Pollution increase would be ‘negligible’ from consumer-friendly move on gasoline prices

Editor’s note: Soon after this was posted Sunday morning, Jerry Brown took our advice — and even used the term “negligible” to describe the effects on the environment. Coincidence? Probably. But still!

Oct. 7, 2012

By Chris Reed

The shocking run-up in gasoline prices endured by California drivers in recent days has led to calls from the California Independent Oil Marketers Association and state Sen. Juan Vargas, D-Chula Vista, that Gov. Jerry Brown allow earlier introduction of winter-blend gasoline to increase supply and bring down the cost of gas.

Because this would require both action by the state, which has had uniquely stringent rules on gasoline composition since 1996, and the federal government, don’t expect relief at the pump anytime soon. The high gasoline prices could last until winter-blend gasoline is allowed after Oct. 31.

But the painful price spike at least has one benefit: illustrating the costliness and vapidity of excessive regulation.

There are sensible reasons for adjusting the composition of gasoline depending on the season. During the summer, especially in hotter areas, the formula used minimizes smog and the creation of ozone, which can damage the lungs.

But we are in the third week of fall, and the summer heat has receded. Why couldn’t Gov. Brown and the federal EPA relax the rules to save us all from $5 gas? At the least, why couldn’t winter-blend gasoline be allowed in colder parts of California, which would still have the effect of introducing new supply and reducing the cost of gasoline for everyone in the state?

I put these questions to some experts with this email:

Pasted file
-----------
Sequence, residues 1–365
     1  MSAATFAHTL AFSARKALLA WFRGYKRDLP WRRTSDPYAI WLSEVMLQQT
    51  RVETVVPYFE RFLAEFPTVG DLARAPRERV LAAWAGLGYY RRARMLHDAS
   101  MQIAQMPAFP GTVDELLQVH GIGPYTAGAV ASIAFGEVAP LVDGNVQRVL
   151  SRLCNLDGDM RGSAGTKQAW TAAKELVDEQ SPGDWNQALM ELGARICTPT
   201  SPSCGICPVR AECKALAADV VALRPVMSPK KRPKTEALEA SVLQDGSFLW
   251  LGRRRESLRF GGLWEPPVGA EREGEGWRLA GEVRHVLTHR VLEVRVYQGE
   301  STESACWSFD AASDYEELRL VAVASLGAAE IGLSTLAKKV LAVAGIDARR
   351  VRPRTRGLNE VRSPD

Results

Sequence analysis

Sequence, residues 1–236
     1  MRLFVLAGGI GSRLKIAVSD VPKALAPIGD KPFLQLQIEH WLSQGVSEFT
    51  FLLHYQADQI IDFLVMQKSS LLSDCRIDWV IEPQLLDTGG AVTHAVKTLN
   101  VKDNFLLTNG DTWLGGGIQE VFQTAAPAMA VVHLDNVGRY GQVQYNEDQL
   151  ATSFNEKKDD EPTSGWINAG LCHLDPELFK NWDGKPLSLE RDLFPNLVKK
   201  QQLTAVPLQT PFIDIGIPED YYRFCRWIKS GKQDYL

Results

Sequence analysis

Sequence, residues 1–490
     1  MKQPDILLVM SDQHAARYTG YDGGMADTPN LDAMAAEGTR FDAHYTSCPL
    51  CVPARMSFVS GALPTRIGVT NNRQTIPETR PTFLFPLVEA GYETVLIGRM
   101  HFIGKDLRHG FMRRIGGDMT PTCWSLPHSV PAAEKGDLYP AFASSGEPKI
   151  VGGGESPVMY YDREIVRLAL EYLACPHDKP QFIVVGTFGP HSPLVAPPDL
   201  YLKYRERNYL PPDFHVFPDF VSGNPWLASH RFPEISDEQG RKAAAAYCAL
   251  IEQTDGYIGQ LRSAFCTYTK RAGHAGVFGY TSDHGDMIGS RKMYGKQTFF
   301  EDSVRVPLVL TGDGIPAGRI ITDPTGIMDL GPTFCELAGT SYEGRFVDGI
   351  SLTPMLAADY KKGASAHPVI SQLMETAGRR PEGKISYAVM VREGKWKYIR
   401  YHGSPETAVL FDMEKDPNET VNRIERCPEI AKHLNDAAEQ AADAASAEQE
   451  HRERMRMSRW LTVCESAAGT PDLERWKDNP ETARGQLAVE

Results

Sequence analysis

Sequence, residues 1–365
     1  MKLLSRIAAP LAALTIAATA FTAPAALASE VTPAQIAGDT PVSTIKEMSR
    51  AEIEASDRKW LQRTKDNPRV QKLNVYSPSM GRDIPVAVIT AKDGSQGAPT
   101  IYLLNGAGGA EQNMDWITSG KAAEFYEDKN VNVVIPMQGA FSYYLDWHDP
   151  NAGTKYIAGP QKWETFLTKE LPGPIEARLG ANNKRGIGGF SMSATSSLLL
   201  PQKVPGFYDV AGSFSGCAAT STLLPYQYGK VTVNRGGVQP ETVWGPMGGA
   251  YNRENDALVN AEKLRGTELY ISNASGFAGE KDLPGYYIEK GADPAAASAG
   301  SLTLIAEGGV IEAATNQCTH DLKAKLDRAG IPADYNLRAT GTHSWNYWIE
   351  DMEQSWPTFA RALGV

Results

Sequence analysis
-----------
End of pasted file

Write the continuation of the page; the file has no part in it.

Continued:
I have read up on winter-blend and why it is phased in earlier in colder states.
 
But is there any reason why California couldn’t allow it before the Oct. 31 deadline in colder parts of the state without negative environmental effects?
 
Or is there some other reason for treating California as one unit? 

I read the 2006 study about the insanity of all the different fuel standards around the country. Gasoline from Raleigh, N.C., couldn’t be used in Norfolk, Va., during the summer, etc.  

I wonder if this problem is exacerbated by these varying standards.

Here is the response I got from Bernard “Bud” Weinstein, associate director of the Maguire Energy Institute at Southern Methodist University in Dallas:

“There’s no question that fuel blend switching is partly responsible for the current shortages and price spikes for gasoline in California.  I agree with you that different fuel standards around the country, along with requirements for seasonal changes in gasoline chemistry, create distribution problems for refineries and occasional headaches for consumers.  The solution is to give federal and state regulatory agencies the ability to temporarily override mandated standards when dealing with production and distribution bottlenecks, as is currently the case in California.  Any “negative” environmental impacts would be negligible.”

And here’s the response I got from a former Californian, Ryan Kellogg, an associate professor of economics at the University of Michigan whom I sought out at the direction of Severin Borenstein, the co-director of the Energy Institute at UC Berkeley’s Haas School of Business.

“Climate obviously varies a lot across California, so from an environmental benefits perspective it probably makes sense to do things like switch from the summer to winter blend earlier in, say, Mono County than in LA County. But, as you say, doing this creates costs in terms of having different types of fuel in different parts of the state. There are real refining and distribution costs associated with doing something like this, along with the possibility of increased market power that comes with increased market segmentation.”